McGuinness ‘in denial’ over parades and flags - Robinson
NI First Minister says comments made by Deputy are ‘unhelpful and irrational’
Northern Ireland First Minister Peter Robinson and deputy First Minister Martin McGuinness at the launch of the digital records of Ireland’s first World War Memorial at Google’s headquarters in Dublin last week. Photograph: Brian Lawless/PA Wire
First Minister Peter Robinson has accused Martin McGuinness of being in denial on how to make progress on contentious parades, flags and the legacy of conflict amid tensions at the heart of Northern Ireland’s government.
The Sinn Féin Deputy First Minister has urged all parties to implement proposals drawn up by former US diplomat Dr Richard Haass following months of negotiations.
Mr McGuinness told the BBC that unionist leaders had told him the Orange Order, the UVF and PUP were acting as “one and the same”.
The Orange Order said Mr McGuinness’s remarks were “entirely without substance” and that it takes and stands by its own decisions.
Mr McGuinness said: “I have watched over the course of the last 18 months unionist parties dancing to the tune of extremists within their own community and that has to end.
“I say that because I believe the influence of these people has impacted on the Haass negotiations and the Haass outcome.
“This is a time for leadership, this is a time for standing up to extremists who are trying to bring this process down.”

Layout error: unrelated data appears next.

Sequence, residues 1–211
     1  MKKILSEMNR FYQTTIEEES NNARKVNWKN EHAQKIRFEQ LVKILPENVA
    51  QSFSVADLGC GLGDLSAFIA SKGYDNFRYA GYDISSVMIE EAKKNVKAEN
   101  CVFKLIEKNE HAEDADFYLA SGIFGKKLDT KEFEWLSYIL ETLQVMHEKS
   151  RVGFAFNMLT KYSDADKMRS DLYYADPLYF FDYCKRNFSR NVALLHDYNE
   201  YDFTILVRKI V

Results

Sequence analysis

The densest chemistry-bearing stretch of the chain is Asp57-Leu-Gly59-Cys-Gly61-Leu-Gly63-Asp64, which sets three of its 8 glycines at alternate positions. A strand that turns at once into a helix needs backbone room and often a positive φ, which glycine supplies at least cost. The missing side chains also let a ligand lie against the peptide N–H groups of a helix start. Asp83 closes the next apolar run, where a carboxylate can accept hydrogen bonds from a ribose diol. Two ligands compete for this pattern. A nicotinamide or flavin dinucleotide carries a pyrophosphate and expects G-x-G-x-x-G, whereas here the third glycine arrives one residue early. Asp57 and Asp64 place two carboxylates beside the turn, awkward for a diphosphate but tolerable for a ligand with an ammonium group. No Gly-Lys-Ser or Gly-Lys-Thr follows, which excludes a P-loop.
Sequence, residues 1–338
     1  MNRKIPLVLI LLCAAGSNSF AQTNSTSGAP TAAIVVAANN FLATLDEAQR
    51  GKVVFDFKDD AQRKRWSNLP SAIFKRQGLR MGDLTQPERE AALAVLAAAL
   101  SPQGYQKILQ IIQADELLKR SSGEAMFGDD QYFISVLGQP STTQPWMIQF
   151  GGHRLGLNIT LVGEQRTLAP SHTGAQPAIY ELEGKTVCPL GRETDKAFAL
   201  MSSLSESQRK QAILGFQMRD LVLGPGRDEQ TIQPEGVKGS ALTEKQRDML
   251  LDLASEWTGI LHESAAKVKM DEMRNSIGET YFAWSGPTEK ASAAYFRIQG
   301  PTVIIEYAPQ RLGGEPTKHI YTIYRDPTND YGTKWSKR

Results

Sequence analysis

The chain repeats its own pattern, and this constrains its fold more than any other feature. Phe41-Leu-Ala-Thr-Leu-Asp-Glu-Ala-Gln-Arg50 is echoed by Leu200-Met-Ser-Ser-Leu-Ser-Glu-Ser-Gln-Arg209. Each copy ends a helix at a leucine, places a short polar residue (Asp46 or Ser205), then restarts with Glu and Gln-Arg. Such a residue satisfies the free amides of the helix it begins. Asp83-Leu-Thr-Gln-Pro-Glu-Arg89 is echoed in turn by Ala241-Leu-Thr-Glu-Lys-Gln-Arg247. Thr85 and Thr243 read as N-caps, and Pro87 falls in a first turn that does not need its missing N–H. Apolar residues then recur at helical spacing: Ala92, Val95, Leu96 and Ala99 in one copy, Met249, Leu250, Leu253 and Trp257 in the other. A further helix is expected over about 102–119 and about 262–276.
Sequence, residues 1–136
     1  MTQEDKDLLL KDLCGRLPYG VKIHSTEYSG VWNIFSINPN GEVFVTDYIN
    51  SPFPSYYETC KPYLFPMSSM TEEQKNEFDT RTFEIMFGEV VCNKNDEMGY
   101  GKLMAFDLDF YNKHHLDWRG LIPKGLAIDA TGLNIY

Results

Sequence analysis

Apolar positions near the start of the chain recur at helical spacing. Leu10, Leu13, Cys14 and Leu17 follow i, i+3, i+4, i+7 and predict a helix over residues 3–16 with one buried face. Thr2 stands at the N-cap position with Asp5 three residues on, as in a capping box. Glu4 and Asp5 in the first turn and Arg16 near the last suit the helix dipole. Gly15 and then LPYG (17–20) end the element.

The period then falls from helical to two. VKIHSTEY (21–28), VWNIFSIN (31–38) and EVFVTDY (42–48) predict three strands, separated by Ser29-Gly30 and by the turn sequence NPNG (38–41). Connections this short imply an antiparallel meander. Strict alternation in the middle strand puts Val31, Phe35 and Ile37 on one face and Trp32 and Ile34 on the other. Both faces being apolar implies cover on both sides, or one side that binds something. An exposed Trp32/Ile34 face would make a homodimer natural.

Mr Robinson claimed his Stormont power-sharing partner appears to believe it is everyone else’s duty to reach agreement on his terms.
“The unhelpful and irrational comments made by Martin McGuinness will do nothing to take the negotiations forward,” he said.
“He is in political denial and clearly has an exaggerated view of what his role is within the process.
“He speaks as if it is every other party’s requirement to move to his position — and if they do not then he considers it to be a lack of leadership on their part. He speaks as if he is not one of the parties but rather the controller and dictator of how the process will operate,” Mr McGuinness said.
Sinn Féin and the SDLP have endorsed the draft plan published after Stormont talks broke up without agreement on New Year’s Eve. It includes new mechanisms for dealing with the past and parades and greater provision for victims of the 30-year conflict.
The DUP and Ulster Unionists have been less happy.
Mr Robinson added: “Every party in the process has had to move in order to narrow the differences. It is his responsibility to show some leadership and work to reach agreement on outstanding issues.
“Again, Sinn Féin will not dictate the rules of engagement. They do not own the process. They do not control how it will function or what it will (or will not) consider, nor will they prescribe the timing.
“The five parties will, by consensus, agree all of those matters and if they fail to agree then it will be as much his fault that he could not reach agreement with the majority unionist community as it would be the fault of unionists that they could not reach agreement with nationalists.”
He said republicans will not regulate this exercise.
“As the largest party in Northern Ireland we will not be shepherded into any structure that restricts our ability to conclude agreement on deal imperatives,” the East Belfast Stormont MLA added.
“If Sinn Féin or any other party does not want to be part of a process that seeks to resolve outstanding issues they can walk away but that will display a lack of leadership on their part.”